Salazar and Denver Mayor John Hickenlooper were both tested in the poll, which was conducted yesterday, against Republican former Rep. Scott McInnis. Salazar trailed McInnis by 47%-41%, while Hickenlooper is also behind by a narrower 45%-42%.

That said, the pollster's analysis argues that Democratic chances of holding this governor's mansion have actually improved since the retirement announcement by incumbent Dem Gov. Bill Ritter, noting that Ritter trailed McInnis by an eight-point margin last month.

Later today President Obama is scheduled to talk about the latest details from the security review of the failed Flight 253 attack.

National Security Adviser James Jones is [predicting](http://www.usatoday.com/news/washington/2010-01-06-terror_N.htm) that Americans will feel "a certain shock" by the results of the review.

But in the meantime, as Josh [noted](http://www.talkingpointsmemo.com/archives/2010/01/piecing_it_together.php) on the Editors Blog, we thought it would be worthwhile to compile what has been publicly reported about what U.S. government agencies knew about Abdulmutallab, including the supposed "warning signs" that were missed.

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From the White House:

The Vice President is at home today in Wilmington, Delaware where he has gathered with family to spend time with his mother, who has taken seriously ill in recent days.

Who ever said there are no second acts in American life never met some of the Republicans who played roles in the U.S. attorney firings.

Three figures from the Bush Justice Department scandal of 2006 are back in the limelight, running for office under the GOP banner in 2010.

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The new Rasmussen poll of Connecticut, conducted last night in the wake of Democratic Sen. Chris Dodd's retirement announcement, confirms that Democratic state Attorney General Richard Blumenthal is now the heavy favorite to keep the seat for the party.

Blumenthal leads former Rep. Rob Simmons by 56%-33%; Blumenthal leads former World Wrestling Entertainment CEO Linda McMahon by 58%-34%; and Blumenthal leads financial analyst Peter Schiff by 60%-24%. These results are fairly similar to yesterday's numbers from Public Policy Polling (D), which was conducted just before the news of Dodd's retirement and Blumenthal's entry into the race.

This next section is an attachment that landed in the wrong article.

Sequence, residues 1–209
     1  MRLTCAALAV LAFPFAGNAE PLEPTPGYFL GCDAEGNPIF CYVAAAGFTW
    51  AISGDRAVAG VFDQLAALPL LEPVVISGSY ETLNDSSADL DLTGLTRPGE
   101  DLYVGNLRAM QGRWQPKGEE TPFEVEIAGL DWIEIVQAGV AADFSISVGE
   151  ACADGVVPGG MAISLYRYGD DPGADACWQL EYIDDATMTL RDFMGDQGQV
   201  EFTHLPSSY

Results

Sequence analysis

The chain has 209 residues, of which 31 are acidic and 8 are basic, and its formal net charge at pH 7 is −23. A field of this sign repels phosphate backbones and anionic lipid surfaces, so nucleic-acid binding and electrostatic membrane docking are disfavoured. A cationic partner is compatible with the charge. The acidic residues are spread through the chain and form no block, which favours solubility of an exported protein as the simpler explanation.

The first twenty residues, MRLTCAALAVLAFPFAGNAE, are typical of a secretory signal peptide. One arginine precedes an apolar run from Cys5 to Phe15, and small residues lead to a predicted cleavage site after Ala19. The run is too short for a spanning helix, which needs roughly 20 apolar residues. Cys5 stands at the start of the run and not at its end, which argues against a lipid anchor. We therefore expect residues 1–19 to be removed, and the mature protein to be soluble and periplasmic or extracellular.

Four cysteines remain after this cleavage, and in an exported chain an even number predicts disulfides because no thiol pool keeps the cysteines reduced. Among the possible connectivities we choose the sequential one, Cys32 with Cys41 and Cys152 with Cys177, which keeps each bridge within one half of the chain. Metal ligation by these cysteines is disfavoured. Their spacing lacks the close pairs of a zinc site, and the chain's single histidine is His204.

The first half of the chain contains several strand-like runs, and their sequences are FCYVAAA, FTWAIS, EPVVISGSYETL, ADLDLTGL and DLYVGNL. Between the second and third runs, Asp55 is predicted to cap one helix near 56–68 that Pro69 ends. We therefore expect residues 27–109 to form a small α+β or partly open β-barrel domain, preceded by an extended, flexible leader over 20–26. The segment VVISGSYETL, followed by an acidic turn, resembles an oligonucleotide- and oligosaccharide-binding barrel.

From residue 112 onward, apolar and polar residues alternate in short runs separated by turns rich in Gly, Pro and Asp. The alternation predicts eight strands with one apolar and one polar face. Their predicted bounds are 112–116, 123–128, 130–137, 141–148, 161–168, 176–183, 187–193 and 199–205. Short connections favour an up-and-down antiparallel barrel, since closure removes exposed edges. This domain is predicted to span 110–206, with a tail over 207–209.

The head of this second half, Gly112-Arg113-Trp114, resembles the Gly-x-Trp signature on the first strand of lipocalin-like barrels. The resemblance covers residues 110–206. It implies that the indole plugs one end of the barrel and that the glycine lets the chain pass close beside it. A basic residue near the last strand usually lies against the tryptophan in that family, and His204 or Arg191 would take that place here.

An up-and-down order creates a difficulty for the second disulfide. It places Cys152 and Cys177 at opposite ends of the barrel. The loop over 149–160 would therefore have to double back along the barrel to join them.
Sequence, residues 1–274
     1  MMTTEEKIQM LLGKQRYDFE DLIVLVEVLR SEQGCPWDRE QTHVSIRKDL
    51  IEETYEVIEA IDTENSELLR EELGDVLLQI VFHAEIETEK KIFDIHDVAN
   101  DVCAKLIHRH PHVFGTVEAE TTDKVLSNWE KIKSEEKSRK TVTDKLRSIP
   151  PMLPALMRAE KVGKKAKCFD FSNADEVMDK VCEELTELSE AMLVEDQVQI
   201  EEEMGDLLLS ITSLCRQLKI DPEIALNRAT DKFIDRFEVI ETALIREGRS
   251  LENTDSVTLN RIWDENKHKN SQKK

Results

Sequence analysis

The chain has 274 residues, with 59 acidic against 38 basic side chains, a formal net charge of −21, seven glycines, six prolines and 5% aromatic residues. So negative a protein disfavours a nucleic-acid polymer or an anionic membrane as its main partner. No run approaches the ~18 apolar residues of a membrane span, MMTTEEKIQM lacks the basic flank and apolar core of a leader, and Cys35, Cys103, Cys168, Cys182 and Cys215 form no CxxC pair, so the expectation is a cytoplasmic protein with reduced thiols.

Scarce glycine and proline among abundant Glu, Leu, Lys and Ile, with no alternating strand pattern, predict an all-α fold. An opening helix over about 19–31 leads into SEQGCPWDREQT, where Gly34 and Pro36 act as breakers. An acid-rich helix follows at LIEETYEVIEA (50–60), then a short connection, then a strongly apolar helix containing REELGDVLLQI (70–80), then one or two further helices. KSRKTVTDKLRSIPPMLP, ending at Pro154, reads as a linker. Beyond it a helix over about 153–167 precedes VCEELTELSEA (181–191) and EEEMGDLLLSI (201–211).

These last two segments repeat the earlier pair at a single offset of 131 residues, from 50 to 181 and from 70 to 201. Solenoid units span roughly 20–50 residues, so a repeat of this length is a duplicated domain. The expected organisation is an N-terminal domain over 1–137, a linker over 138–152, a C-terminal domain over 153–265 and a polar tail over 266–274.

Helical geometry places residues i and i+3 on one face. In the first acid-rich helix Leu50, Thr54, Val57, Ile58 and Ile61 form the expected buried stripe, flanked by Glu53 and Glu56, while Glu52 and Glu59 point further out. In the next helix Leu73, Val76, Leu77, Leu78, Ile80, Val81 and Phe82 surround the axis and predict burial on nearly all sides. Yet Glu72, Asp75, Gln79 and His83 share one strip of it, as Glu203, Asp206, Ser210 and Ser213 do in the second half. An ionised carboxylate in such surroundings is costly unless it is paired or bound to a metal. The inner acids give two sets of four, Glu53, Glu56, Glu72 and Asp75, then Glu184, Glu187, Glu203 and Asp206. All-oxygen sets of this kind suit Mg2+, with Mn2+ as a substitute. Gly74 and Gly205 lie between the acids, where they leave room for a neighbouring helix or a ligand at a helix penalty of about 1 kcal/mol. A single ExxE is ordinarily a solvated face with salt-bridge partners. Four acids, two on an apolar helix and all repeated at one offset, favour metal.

Dodd had been performing badly in previous Rasmussen polls. From the pollster's analysis: "With a single announcement, Chris Dodd transformed the Senate race in Connecticut from one that leaned in the GOP direction to a fairly safe bet for the Democratic Party."

Secretary of the Interior Ken Salazar will not run for Colorado governor, the Denver Post reports. Instead, he will endorse Denver Mayor John Hickenlooper.

"John Hickenlooper is a uniter. He transcends political and geographic divides to bring people together to develop solutions. If he decides to run, he will make an excellent Governor for the State of Colorado," Salazar said in a statement.

Sources had told TPMDC that Salazar was "seriously considering" such a run, and the White House had reportedly told him they wouldn't oppose a run.

Today, sources confirmed that national Democrats were talking to Salazar about a run. A Democratic source with knowledge of the process said they "didn't know" what was behind Salazar's choice not to run. Asked if Hickenlooper was the best "Plan B" for national Democrats hoping to hold the governor's mansion in Colorado, the source said Democrats "love" Hickenlooper and called him "Plan A2."

Colorado Gov. Bill Ritter announced earlier this week that he would retire rather than run for re-election.

Additional reporting by Evan McMorris-Santoro